We’re back with a new podcast, this time answering an interesting query from LRFotS Robert W. He asked me for my thoughts about inter-cultural communications, based on a particular book, in light of my 2021 reading list:
RE Five Love Languages By Gary Chapman:
My wife and I read this as part of a group study within the first two years of our marriage. It was a useful read but seems like it was a 24-page brochure puffed up to a 120-page book. The core concept of people experiencing incoming love in different ways and express outgoing love in different ways has a broad application beyond romance. In any type of customer-facing context, it’s good to pick up on how people respond. Just listening to the problems (quality time) or taking charge immediately (acts of service) or just a replacement latte (gifts) or a statement of appreciation for bringing it up (words of affirmation) all come into play.
Chapman (author) has made a real cash cow out of this whole thing though, there’s a half dozen different variations on this book that are all, years after release, still in the top sellers of relationships book. It makes me think people are looking for quick and easy fixes for handling people, and this promises quick and easy without having to do any work on one’s own self, at most just changes in how to respond to other people.
I would find your perspective on it interesting, in particular on how applicable (or not) it is in cross-cultural (eg USA/India) dynamics.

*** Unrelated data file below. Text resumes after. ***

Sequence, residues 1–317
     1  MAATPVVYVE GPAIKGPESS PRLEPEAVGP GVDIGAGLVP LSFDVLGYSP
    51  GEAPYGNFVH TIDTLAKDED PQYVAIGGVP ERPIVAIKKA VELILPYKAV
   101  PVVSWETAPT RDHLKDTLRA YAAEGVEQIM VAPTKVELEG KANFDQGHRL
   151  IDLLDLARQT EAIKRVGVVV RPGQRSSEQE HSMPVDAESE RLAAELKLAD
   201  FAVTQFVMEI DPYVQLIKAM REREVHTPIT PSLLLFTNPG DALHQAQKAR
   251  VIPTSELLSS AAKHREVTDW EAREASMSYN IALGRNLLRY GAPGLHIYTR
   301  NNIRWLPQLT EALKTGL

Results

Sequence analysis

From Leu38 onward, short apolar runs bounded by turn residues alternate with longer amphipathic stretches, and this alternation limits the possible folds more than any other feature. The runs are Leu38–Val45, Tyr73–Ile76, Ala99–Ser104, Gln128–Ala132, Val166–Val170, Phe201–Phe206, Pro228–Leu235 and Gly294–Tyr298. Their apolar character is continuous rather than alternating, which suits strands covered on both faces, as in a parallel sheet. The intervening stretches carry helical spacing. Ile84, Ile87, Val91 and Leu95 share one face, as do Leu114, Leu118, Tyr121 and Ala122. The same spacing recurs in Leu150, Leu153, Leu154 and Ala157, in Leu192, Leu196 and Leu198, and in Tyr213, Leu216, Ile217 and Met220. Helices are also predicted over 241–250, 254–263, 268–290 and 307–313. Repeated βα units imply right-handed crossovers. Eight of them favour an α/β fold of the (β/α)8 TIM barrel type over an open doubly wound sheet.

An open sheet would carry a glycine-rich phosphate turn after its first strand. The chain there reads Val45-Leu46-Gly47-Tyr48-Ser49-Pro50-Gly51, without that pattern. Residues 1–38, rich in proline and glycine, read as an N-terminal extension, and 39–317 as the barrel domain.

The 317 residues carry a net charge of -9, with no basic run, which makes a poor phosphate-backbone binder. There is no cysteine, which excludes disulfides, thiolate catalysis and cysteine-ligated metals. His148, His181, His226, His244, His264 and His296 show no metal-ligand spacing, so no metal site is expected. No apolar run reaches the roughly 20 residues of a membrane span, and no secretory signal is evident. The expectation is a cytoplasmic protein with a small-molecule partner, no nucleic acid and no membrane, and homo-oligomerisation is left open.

The book itself is called The Five Love Languages by Gary Chapman, and it is in fact pretty good, if somewhat puffed-up and overlong, given the subject matter.
I endeavour to answer his question by first providing an overview of the 5 languages themselves:
- Words of affirmation
- Acts of service
- Quality time
- Physical touch
(I almost surely referred to them out of order, but never mind that.)
Based on that, I then provide some cultural context for the cultures with which I am most familiar, and explain how differences in the ways in which we receive, and express, affection and respect, then create gaps in communications between different cultures.
The astute listener will note that I spend a lot of time talking about Russian culture. This is not accidental, since I know a lot more about it than the average Westerner (who knows basically nothing). If you know any Russians, run through what I say with them, and see if they agree – I’ll be interested to know your thoughts.
As always, let me know your thoughts in the comments, and don’t forget to like, share, and subscribe.
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